The rate of suicide for female veterans is six times the rate of their civilian counterparts, and there is a very strong association between PTSD, sexual victimization as children and during military service, and suicide. The majority of efforts through the VA focus on the significantly larger population of male veterans, though recent efforts have been made to reach out to female veterans with women’s clinics. But many women still see the VA as a man’s world, part of the same man’s world as the military. And that world is both a source of pride and betrayal.
Female veterans are dealing with a great deal of ambivalence about their service, and are suffering the effects of PTSD and other mental and physical health effects of service. With a system that seems steeped in the same male culture that engendered the sexual assault, the VA is not the first place female vets turn to for help. The military is both the system they wanted to serve, and be a part of; it is also the system that, for many women, condoned silence in the name of loyalty.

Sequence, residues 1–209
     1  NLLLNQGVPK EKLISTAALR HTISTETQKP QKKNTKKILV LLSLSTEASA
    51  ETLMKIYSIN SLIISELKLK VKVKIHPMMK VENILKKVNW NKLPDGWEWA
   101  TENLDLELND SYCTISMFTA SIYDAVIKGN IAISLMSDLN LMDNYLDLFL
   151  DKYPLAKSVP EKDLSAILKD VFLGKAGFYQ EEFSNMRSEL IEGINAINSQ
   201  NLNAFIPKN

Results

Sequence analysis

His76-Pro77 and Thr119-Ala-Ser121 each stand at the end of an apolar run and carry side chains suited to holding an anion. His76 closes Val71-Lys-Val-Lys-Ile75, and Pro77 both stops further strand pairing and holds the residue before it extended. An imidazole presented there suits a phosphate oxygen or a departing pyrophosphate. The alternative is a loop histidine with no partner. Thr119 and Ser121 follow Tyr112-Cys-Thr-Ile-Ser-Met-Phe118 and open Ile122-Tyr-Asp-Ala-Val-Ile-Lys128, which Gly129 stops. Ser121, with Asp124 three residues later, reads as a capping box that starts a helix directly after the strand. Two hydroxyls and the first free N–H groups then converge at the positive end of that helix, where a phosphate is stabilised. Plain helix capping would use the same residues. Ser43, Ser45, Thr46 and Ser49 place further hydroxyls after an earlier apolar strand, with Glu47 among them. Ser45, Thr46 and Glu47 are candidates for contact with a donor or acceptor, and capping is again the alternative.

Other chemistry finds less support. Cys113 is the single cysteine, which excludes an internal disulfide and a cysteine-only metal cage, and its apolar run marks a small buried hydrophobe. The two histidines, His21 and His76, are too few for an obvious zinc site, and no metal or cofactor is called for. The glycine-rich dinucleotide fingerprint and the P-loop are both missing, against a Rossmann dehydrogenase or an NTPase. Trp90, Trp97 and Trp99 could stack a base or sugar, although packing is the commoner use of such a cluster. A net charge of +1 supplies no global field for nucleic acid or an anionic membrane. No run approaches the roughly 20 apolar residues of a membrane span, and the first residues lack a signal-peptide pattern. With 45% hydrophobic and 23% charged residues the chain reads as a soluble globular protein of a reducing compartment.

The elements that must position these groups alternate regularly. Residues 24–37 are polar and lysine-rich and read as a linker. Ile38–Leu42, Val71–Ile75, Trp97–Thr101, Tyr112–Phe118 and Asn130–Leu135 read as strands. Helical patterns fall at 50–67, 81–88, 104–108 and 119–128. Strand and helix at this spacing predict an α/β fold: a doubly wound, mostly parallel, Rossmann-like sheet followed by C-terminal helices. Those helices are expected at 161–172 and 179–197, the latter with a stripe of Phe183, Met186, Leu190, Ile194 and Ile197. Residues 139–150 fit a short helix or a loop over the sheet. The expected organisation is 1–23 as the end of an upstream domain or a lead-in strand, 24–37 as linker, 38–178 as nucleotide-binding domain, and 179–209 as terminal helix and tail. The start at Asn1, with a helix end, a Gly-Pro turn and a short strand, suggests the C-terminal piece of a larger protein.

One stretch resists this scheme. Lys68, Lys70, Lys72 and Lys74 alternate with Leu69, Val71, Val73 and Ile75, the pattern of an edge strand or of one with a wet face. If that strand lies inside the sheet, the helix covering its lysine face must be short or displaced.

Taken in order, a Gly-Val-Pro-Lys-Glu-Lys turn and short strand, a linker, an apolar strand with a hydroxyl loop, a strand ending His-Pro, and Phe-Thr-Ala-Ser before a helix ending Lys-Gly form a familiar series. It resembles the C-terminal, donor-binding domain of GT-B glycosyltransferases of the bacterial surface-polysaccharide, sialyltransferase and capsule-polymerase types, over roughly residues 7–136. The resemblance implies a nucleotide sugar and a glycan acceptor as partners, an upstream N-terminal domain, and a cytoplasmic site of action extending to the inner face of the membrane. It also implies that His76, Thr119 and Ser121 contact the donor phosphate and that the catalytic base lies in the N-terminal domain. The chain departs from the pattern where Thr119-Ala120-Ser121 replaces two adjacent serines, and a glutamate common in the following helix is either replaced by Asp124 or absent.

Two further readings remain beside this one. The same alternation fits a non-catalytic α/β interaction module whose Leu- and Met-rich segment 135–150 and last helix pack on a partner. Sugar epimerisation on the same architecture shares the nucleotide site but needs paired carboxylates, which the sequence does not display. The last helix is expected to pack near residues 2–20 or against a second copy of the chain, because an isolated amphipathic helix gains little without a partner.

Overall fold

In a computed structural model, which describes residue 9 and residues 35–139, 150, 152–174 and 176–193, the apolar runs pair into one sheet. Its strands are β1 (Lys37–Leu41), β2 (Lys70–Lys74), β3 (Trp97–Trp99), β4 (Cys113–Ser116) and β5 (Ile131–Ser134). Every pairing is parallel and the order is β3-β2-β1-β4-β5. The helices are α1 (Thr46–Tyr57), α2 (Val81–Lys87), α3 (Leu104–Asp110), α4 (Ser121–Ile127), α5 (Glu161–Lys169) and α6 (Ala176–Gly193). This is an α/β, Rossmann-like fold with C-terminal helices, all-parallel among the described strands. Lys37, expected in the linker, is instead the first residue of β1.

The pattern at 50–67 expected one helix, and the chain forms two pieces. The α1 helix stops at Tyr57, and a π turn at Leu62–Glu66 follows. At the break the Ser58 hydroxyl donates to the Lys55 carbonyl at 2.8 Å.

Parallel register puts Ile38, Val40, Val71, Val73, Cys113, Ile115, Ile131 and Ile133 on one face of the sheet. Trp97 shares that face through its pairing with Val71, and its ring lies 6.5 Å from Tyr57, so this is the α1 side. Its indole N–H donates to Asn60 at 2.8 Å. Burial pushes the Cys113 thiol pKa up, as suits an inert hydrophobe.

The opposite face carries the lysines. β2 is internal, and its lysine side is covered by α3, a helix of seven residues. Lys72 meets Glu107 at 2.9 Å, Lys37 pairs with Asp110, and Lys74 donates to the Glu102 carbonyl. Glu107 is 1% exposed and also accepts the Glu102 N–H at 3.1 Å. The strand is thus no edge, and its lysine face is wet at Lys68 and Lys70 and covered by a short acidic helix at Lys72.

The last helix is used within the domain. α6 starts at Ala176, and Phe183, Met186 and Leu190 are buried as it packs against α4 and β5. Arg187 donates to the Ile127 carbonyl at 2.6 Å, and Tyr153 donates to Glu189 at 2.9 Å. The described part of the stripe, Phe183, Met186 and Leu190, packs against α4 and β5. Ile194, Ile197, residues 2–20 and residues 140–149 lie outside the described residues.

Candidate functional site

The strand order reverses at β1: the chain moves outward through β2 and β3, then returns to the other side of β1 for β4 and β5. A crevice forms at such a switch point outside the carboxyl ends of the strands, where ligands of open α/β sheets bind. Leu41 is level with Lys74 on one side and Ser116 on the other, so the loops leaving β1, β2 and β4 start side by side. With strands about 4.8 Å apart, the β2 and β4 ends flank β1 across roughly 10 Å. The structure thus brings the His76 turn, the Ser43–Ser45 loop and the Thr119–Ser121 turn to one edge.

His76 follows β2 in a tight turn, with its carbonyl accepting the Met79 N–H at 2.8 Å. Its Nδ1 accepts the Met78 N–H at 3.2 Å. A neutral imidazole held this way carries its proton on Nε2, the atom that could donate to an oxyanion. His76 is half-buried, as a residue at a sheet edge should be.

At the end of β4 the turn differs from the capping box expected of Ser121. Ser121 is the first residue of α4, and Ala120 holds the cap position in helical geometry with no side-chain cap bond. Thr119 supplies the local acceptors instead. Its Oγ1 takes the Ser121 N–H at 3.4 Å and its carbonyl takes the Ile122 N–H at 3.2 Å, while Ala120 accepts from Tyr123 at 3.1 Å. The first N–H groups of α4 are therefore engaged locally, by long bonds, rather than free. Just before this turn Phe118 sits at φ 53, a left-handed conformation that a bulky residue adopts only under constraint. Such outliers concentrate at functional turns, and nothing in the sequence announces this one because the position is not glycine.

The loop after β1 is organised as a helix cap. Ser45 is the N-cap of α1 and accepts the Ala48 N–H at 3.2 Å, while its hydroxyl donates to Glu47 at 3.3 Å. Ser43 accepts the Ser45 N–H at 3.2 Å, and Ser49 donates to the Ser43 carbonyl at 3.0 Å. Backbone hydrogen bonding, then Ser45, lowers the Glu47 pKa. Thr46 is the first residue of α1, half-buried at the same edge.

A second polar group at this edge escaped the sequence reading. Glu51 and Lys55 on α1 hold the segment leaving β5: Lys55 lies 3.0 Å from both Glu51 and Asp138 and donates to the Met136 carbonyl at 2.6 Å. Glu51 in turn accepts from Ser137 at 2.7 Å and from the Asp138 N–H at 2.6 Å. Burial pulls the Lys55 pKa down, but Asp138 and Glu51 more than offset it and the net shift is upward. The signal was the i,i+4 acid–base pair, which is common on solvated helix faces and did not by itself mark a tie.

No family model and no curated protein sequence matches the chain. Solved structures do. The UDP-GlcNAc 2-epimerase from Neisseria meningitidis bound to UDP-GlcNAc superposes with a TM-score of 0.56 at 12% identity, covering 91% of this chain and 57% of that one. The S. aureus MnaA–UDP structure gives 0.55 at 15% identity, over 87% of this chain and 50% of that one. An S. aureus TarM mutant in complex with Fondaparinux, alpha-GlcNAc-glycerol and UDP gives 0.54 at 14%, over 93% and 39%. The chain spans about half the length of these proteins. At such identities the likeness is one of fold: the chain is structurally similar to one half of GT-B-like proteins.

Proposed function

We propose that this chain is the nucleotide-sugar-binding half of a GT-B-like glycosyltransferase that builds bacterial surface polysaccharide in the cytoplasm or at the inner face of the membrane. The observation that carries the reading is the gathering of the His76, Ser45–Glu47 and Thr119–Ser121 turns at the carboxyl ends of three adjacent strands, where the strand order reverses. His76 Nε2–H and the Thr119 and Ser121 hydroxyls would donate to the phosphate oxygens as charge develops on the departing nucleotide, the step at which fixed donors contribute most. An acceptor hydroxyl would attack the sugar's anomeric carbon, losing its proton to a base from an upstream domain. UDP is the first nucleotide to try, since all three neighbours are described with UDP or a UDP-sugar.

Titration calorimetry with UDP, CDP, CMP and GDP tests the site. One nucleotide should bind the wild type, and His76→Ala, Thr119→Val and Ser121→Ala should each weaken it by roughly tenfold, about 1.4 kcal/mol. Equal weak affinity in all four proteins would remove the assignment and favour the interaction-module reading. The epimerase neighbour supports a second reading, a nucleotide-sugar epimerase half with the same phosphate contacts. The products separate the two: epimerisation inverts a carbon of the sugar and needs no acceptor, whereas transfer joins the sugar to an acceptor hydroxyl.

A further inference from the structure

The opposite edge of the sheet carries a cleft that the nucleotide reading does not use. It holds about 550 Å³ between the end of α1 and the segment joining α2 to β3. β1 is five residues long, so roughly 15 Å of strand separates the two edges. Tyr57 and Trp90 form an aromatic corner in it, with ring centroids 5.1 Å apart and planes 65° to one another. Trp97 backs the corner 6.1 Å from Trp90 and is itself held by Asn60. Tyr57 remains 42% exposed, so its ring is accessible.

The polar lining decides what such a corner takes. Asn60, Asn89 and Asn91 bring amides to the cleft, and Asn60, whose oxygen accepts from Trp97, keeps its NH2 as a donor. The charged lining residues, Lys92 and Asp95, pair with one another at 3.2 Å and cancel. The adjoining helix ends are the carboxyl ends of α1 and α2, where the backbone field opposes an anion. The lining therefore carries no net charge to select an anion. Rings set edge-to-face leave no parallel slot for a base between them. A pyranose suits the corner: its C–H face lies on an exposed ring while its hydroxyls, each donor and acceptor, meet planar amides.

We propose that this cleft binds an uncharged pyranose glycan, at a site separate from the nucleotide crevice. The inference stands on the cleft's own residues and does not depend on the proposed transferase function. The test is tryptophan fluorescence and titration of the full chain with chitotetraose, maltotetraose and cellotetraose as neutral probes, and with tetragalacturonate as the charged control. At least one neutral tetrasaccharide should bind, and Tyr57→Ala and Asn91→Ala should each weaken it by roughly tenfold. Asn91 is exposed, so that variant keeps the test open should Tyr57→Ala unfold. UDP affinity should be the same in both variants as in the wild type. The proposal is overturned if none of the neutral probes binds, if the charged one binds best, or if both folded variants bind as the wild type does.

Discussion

With a pattern of sexual exploitation as children, and the dangerously high rates of revictimization and sexual assault in the military–a 2013 Rand study showed 26,000 cases of sex abuse across uniformed service–women veterans face challenges coping with their PTSD. President Obama signed the Female Veterans Suicide Prevention Bill in July 2016; the bill calls for concentrated efforts for outreach and collaboration between mental health professionals. However, changing the culture that has engendered this degree of sexual violence against women and children is not going to begin by trying to take care of the victims.
Women veterans are at higher risk of suicide and debilitating mental health, and have less access to healthcare that addresses their particular needs. For more information on PTSD, please contact us.